Need to know
of brilliant green at the end of a dusky corridor of hillside and water.
Will and Sue met when they were both working at the botanical gardens at nearby Inverewe, where Will was walled gardener for 10 years and Sue was the propagator. Their shared passion for plants was unstoppable. They took every possible opportunity to travel and see flora in its natural habitat, visiting South Africa, New Zealand and Chile, returning inspired and armed with precious seeds to coax into tantalising new plants. At Inverewe, they helped establish and care for the UK’S first South Africa border and their private collection of plants started to multiply.
The pair was thrilled to be offered the five-acre south-east facing croft in the hamlet of Durnamuck in 2009 and the chance to provide a home for a ‘lifetime’s collection of plants’. Tree planting to provide additional shelter at the back of the garden was their first ● Size Almost half an acre of garden—raised beds, curving borders and wildflower meadows—that’s part of a five-acre croft sloping gently down to Little Loch Broom, in the far north-west of Scotland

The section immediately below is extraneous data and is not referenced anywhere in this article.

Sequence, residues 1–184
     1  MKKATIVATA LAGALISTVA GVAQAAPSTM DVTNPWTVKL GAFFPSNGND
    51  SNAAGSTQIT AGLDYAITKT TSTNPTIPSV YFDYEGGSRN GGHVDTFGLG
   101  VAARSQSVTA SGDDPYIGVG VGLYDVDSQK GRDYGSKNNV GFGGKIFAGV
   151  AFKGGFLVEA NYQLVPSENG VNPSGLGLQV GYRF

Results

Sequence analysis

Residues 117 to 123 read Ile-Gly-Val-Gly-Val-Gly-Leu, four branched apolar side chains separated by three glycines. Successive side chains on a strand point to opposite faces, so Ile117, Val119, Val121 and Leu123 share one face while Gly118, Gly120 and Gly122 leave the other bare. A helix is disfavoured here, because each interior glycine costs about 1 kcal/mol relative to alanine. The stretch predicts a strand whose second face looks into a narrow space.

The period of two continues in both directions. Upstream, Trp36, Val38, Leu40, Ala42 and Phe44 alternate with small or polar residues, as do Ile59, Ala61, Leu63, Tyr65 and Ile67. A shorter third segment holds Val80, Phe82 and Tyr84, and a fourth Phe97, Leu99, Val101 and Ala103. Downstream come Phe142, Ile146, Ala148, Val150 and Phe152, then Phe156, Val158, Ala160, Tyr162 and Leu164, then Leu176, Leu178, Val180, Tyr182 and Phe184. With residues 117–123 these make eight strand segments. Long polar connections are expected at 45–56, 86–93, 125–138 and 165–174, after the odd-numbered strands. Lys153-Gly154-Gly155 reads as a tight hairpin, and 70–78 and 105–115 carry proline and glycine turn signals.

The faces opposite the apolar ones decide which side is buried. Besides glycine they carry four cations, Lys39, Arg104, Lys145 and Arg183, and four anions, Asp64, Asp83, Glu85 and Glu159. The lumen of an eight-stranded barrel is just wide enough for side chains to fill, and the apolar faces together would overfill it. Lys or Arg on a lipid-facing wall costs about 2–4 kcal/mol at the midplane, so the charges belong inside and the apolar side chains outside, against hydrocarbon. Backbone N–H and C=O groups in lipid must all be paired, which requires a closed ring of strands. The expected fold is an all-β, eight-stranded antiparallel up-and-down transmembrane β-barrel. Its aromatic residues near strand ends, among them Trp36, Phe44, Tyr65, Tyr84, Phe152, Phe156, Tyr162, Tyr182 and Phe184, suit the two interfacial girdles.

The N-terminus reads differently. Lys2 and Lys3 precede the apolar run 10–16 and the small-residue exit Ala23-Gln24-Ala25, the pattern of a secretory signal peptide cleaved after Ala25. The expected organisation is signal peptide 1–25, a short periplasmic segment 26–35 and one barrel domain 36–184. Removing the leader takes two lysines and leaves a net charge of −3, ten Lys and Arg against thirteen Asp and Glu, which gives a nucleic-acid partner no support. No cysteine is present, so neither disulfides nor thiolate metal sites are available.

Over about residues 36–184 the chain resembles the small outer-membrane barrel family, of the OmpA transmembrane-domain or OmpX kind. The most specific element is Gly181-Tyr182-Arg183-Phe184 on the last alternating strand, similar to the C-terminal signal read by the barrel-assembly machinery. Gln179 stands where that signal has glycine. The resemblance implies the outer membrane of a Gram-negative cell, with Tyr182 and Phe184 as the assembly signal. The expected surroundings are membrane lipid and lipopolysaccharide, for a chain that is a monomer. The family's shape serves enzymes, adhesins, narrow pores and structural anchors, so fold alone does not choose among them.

Almost sea level
● Soil Acidic, peaty soil—being a croft, the land has been cultivated for hundreds of years, therefore soil is 1ft deep in places
● Climate Wet and mild winters (generally no lower than –5˚C). Summers are cool, ‘dry on occasion—but mostly wet’ and often windy
task and, as soon as the house was ‘more or less complete’, Will got going on the garden. As well as the permitted half-acre of ornamental garden, the pair organised the remaining land for fruit, vegetables, horses and beehives.
Building raised beds from stone found close to hand provided winter drainage to ground already in a ‘lowish position and with a high water table’ and enabled